8) The Bezoar

In the first book, Professor Snape tries to humiliate Harry on his first day in class by asking him difficult questions. One of them is: “Potter, where would you look if I told you to find me a bezoar?” Harry does not know. However, in the sixth book, Harry finds an old Potions textbook with handwritten notes in the margins that mentions bezoars as a poison antidote. When Ron is poisoned in the book, Harry remembers the bezoar and feeds it to him saves his life.

7) Some Hocruxes

In the fifth book, Harry and his friends are cleaning up Sirius old house which is now The Order of The Phoenix's new headquarters. While cleaning an old cabinet full of seemingly worthless stuff, they come across "a heavy locket that none of them could open." One book later, we learn about Hocruxes and how one of them is actually a locket. Another Hocrux that is mentioned earlier in the series is a tarnished tiara that he places on his book in the Room of Requirements. This tiara turns out to be Ravenclaw's Diadem.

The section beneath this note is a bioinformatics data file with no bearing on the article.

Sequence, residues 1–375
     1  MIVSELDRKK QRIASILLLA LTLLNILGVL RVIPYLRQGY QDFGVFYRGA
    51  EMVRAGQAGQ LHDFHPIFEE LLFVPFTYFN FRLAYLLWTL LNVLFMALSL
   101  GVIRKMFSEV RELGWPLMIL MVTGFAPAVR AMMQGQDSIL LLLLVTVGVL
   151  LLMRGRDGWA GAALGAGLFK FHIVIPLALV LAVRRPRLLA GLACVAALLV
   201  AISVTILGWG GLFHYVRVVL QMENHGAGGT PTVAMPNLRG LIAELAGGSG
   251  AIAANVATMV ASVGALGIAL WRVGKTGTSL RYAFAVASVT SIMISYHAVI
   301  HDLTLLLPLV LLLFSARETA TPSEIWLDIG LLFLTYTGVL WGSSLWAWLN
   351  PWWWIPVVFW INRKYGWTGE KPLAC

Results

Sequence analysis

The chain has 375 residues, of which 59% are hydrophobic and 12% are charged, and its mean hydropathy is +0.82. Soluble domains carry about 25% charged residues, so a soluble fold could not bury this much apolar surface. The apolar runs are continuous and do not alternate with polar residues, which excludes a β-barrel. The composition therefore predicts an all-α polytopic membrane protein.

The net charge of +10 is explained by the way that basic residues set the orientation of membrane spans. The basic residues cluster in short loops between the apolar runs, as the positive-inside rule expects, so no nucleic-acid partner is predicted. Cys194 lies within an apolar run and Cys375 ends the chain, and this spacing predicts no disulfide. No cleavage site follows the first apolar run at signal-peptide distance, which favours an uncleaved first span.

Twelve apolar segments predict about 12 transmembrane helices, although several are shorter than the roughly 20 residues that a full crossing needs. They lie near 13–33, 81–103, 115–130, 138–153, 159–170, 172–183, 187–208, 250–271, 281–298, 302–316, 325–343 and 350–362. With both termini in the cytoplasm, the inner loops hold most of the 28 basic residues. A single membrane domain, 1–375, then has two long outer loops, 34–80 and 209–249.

6) Aunt Petunia's Wizarding Knowledge

Early in the fifth book, Harry and his cousin, Dudley are attacked by Dementors, As Harry struggles to explain what Dementors are to his Uncle Vernon, his Aunt Petunia suddenly reveals what they are, even describing the place they are guarding. When asked how is it she knows, she says she overheard "that awful boy" tell her sister about it. At that time, Harry assumes his aunt is talking about his father, James. However, in the final book, through one of Snape's memories, we learn that 'awful boy' is actually a young Professor Snape.

5) Myrtle's Murderer

In the second book, Harry and Ron learn that the Head Boy from 50 years ago, Tom Riddle, whose magic diary they have received an award for special services to Hogwarts. Ron tries to speculate what it was for. He says, "Maybe he got thirty O.W.L.s or saved a teacher from the giant squid. Maybe he murdered Myrtle; that would’ve done everyone a favour…" Towards the end of the book, we learn who Tom Riddle actually is and that he did indeed kill Myrtle with the Basilisk, creating his first Horcrux. Speaking of Riddle, the first time Harry comes across Voldemort's real name, he gets this strange vibe that he knows him. Well, of course he does.

4) Harry's Second Soul